Excuses! The question here is not “have I got time to worry about technology?”. The question is “Can I afford the luxury of NOT using it?”.  If these technologies can improve the productivity and reduce costs in the operations department, the marketing department, the sales department, the procurement department, why not use them to improve the efficiency of the legal department too?

(I would love to hear your views on this, especially if you are and in-house lawyer or work in a legal department)

Advertisements

Law – The fire within…

Writing is a form of therapy (Jan Timmons)

(Photo by kind permission of Jan Timmons)

I must confess: I am not a legal expert and my closest encounter with a courtroom is through the safety of a television screen.

I realised recently however, that inside my brain I have multiple and conflicting views of “The law”.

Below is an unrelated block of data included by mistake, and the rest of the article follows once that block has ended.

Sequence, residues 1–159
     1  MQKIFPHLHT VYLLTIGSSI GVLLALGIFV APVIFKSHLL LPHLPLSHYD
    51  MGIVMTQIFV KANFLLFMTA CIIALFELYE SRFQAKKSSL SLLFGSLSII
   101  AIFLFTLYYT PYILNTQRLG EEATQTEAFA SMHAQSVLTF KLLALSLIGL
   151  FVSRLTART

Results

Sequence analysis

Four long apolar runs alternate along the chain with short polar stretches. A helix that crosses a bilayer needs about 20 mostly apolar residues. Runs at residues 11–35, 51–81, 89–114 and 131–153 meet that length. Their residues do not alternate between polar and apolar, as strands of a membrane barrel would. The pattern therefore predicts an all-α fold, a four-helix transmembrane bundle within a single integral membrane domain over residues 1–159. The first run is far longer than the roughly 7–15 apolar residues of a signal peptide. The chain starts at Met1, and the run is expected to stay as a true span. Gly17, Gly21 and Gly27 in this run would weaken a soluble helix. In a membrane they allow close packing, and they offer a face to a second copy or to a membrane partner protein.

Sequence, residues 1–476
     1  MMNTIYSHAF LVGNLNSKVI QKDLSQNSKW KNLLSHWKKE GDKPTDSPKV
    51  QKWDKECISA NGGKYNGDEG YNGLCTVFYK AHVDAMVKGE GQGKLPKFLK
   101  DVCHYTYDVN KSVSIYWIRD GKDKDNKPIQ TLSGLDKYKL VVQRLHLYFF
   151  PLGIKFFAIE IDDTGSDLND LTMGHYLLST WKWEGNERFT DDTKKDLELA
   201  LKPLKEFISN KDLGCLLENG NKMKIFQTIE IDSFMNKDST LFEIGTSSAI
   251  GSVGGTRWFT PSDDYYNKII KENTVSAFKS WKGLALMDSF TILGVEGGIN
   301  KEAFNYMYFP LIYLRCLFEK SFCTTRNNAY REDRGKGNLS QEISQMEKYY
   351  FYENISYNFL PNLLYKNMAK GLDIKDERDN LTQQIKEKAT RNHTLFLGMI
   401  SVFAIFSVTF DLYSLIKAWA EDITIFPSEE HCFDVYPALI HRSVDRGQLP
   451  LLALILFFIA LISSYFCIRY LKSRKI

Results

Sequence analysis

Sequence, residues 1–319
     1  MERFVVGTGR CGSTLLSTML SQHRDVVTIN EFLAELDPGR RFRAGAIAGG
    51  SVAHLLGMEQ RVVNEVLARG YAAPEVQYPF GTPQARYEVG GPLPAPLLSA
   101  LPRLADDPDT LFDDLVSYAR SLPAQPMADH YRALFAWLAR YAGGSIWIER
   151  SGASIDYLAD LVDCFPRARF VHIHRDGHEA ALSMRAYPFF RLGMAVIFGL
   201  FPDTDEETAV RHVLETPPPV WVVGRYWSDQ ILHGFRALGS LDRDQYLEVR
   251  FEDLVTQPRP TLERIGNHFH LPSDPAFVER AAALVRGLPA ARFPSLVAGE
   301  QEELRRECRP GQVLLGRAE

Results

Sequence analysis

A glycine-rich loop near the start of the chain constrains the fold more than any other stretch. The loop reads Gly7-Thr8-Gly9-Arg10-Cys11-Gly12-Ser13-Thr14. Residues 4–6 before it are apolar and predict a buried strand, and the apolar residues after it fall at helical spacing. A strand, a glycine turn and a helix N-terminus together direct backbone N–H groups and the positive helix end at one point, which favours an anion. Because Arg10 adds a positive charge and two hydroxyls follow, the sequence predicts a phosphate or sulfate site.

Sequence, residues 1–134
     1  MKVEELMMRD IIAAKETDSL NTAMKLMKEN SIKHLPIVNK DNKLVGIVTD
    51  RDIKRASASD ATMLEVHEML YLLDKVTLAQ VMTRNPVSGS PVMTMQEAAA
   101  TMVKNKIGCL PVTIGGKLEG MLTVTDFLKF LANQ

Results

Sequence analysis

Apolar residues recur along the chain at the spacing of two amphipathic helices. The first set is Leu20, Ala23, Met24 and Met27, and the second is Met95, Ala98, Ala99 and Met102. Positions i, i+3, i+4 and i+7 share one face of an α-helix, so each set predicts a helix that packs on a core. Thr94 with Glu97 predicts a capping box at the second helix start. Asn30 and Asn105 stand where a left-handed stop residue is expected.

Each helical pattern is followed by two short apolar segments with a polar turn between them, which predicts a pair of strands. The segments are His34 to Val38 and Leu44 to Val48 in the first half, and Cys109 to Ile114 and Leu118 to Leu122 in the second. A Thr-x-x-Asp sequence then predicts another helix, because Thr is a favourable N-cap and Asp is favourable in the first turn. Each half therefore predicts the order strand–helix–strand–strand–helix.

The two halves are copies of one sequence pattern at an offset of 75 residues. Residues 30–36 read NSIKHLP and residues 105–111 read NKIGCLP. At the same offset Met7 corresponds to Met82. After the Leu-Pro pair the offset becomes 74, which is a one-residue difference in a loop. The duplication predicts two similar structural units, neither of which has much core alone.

I grew up in Athens and, even though my grandfather was a lawyer (or maybe echoing his cynicism), I have grown up with an inherent mistrust of all thing ‘legal’: Legalese language that seeks to confuse and befuddle the average mortal; vulcher lawyers that procrastinate in order to maximise their hourly fees; legal cases that run for years and years because scheduled court hearings get postponed on technicalities; the list goes on…

In another compartment of my brain lives the virtuous, almost glamourous, world of TV courtroom drama with a very diverse portrayal of reality, ranging from Rumpole Of the Bailey and Kavanagh QC to Ally McBeal and Law and Order. Where young and old conscientious lawyers are burning the midnight oil, over endless stacks of case law books, looking for the one nugget that will exonerate their Ill-accused client and where honour, ethics and the omnipotent sage of the presiding Judge, prevail to save the day.